Before my trip, Swoop Travel suggested I read “South: The Story of Shackleton’s 1914-1917 Expedition” and I followed that up by watching PBS’s “Chasing Shackleton”. I wasn’t sure if I should be frightened or excited to sail those waters! The desire to explore this White Continent was shared by men of many nations as they raced to the South Pole. In 1961 the Antarctica Treaty System created an agreement between many countries (12 at that time) preserving this land as peaceful, cooperative among nations, and as a scientific research area.
The names of the Straits, the Islands, the Coves, the Seas all honored those who came before. History and Geography were daily lessons offered to those on board my ship.
Crossing the formidable Drake Passage was not as daunting as it could have been. In fact, the pilot called it a 2 out of 10. Pushing my limits by going to the gym, attempting both yoga and treadmill running, left me without “sea-legs” and an unpleasant first 24 hours.
Because of the good weather we were able to make our first stop late on the second day, Aitcho, allowing me to surround myself with penguins and get a first whiff of their unmistakable stench.
We then passed by Iceberg A57A before entering Antarctic Sound where we attempted to reach the Weddell Sea, the coldest ocean in the world. Unfortunately ice floes and icebergs blocked out entrance but it was fascinating to hear the crunching sounds of the ship attempting passage. Instead we visited Kinnes Cove and Gourdin Island where we added the Adelie penguins to the Chinstrap and Gentoo we had already seen.
Linblad Cove and Mikkelsen Harbour were the landings the next day. Linblad was named after the conservationist who led the first tour cruise to Antarctica in 1966.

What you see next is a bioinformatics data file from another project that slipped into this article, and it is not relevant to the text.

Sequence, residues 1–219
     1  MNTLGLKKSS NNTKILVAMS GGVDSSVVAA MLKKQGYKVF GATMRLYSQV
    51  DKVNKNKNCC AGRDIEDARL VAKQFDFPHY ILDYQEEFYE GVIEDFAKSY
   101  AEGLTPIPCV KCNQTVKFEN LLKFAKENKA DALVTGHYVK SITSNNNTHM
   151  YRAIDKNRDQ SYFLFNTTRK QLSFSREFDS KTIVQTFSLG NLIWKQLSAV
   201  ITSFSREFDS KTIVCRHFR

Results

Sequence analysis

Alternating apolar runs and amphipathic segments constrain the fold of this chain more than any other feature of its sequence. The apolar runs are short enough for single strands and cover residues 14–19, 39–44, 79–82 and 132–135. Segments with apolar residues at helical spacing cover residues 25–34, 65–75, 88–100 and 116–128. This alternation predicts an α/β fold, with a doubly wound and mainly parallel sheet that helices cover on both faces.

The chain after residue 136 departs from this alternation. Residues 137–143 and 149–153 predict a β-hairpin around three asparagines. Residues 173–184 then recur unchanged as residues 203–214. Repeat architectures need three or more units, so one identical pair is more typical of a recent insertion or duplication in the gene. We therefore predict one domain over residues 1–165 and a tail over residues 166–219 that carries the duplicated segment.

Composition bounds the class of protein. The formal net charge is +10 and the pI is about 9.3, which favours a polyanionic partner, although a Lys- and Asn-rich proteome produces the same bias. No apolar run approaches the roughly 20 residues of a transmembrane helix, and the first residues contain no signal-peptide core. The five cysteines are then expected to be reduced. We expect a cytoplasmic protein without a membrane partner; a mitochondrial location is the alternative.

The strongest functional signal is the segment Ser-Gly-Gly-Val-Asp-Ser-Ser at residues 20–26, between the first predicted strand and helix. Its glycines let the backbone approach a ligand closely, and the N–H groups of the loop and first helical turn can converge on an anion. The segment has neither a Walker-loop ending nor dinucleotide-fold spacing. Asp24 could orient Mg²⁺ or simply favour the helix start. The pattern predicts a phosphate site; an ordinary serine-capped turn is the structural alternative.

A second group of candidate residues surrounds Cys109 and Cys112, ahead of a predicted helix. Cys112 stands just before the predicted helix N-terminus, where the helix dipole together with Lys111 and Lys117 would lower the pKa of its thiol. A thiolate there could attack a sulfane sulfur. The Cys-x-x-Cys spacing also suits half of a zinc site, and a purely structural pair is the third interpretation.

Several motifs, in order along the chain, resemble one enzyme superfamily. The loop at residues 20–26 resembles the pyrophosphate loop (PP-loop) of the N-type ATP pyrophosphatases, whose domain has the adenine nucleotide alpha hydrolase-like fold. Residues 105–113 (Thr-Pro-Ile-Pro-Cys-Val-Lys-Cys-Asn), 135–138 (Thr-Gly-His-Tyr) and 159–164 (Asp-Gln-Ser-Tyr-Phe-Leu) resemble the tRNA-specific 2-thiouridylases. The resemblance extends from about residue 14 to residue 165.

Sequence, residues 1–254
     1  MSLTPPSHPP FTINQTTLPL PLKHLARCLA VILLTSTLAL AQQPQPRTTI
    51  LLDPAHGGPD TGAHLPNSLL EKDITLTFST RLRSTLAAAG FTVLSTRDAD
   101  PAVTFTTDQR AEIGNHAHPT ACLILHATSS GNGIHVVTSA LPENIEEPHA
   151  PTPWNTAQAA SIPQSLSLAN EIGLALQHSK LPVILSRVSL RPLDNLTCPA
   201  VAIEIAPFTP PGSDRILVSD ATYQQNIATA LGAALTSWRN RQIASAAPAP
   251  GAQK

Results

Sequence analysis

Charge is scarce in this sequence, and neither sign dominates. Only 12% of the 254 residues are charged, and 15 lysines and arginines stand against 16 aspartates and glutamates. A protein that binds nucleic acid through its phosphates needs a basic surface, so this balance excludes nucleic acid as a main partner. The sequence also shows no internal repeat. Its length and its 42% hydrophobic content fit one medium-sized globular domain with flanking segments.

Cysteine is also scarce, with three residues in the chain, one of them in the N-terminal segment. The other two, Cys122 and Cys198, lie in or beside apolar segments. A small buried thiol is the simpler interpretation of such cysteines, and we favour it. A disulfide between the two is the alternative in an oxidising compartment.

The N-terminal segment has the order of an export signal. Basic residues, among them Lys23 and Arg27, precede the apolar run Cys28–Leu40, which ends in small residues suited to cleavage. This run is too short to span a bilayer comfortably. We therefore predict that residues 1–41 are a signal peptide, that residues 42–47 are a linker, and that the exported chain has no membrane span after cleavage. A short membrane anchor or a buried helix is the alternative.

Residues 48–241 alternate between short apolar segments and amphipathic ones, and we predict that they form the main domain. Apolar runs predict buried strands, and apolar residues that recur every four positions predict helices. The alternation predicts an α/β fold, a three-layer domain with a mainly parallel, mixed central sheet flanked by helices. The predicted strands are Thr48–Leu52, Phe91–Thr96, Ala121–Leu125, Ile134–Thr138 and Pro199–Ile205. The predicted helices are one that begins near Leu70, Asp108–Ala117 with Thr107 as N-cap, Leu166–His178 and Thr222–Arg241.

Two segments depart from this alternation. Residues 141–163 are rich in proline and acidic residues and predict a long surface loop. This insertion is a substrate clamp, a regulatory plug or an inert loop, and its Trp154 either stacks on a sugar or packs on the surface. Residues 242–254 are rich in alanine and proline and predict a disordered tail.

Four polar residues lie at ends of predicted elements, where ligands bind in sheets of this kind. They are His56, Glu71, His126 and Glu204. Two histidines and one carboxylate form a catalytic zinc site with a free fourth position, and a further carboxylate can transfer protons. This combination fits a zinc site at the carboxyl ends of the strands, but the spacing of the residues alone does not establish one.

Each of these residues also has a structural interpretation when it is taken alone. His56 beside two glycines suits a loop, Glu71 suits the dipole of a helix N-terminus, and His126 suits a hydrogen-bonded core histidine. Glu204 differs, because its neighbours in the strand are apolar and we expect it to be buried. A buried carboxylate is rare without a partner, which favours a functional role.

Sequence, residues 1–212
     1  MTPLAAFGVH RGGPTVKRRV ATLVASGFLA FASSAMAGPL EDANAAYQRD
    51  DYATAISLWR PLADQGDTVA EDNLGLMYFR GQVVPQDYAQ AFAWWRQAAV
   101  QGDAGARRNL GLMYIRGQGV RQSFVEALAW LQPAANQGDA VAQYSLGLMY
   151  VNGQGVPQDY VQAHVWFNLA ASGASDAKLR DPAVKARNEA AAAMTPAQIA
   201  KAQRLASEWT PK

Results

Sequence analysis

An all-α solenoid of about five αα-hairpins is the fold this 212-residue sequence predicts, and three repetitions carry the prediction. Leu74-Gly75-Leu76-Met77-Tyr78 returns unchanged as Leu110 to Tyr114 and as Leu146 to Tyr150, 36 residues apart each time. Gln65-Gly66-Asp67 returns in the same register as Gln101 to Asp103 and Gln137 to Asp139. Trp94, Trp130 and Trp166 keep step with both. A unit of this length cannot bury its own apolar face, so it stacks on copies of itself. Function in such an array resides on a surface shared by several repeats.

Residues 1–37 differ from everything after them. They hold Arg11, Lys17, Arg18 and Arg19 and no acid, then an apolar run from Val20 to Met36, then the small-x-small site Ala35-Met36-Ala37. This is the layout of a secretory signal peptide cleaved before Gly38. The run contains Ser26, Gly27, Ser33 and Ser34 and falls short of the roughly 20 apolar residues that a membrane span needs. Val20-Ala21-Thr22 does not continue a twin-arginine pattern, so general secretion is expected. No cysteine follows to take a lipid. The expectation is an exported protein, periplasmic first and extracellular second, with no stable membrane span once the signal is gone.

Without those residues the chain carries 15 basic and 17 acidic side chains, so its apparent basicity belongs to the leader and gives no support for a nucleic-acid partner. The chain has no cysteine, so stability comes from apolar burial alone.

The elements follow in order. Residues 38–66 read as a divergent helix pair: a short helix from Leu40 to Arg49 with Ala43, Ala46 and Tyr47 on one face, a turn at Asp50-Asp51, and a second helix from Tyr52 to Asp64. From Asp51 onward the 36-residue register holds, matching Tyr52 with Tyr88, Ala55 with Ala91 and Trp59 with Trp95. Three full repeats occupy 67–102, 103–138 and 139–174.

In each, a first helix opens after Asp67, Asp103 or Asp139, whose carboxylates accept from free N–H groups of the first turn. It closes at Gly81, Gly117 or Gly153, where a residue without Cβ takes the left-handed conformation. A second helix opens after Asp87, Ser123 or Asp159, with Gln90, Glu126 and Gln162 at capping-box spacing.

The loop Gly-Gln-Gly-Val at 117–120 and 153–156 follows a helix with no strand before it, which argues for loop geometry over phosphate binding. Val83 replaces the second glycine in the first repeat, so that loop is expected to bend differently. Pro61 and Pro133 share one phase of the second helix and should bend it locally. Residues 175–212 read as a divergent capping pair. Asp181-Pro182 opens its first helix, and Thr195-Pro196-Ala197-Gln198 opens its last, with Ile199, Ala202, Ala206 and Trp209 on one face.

We visited the Vernadsky Station, a working research base for the Ukrainians. Most of the inhabitants were there for the summers only but there were those who stayed all year-long during the dark winters and actually created many of the souvenirs they sold in their gift shop!
Paradise Bay was where we encountered the friendly Minke whale, the small avalanche, and amazing icebergs close up. This site along with Neko Harbour is certainly one of the most scenic areas on the Antarctic Peninsula.
Deception Island is the caldera of an active volcano and one of the safest harbors. It is now both a tourist destination as well as a scientific outpost. It has a very narrow entrance with a big rock only 8 feet below the water in the middle of the channel.
On the last afternoon we sailed by Cape Horn where the Atlantic and Pacific Oceans meet. Our seas were calm unlike many days when the strong winds, strong currents and large waves can make this very treacherous especially for yachts and other smaller vessels.
The Le Boreal safely delivered all 208 passengers safely back to port. Of these, eleven were naturalists with ranging areas of expertise. We had a few more women than men, probably because this was one of the few cruise ships that offered a “no supplement” for singles. Over half were from France with US citizens claiming 48 of the spots, the Australians followed with 18 and the remaining were from 15 other countries!